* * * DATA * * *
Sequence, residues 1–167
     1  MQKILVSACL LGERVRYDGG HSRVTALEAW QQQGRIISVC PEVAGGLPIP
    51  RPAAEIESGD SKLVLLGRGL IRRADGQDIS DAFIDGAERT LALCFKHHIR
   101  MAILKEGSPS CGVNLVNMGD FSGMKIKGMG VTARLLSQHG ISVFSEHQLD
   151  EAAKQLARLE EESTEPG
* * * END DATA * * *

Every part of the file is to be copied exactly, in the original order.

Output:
Sequence, residues 1–167
     1  MQKILVSACL LGERVRYDGG HSRVTALEAW QQQGRIISVC PEVAGGLPIP
    51  RPAAEIESGD SKLVLLGRGL IRRADGQDIS DAFIDGAERT LALCFKHHIR
   101  MAILKEGSPS CGVNLVNMGD FSGMKIKGMG VTARLLSQHG ISVFSEHQLD
   151  EAAKQLARLE EESTEPG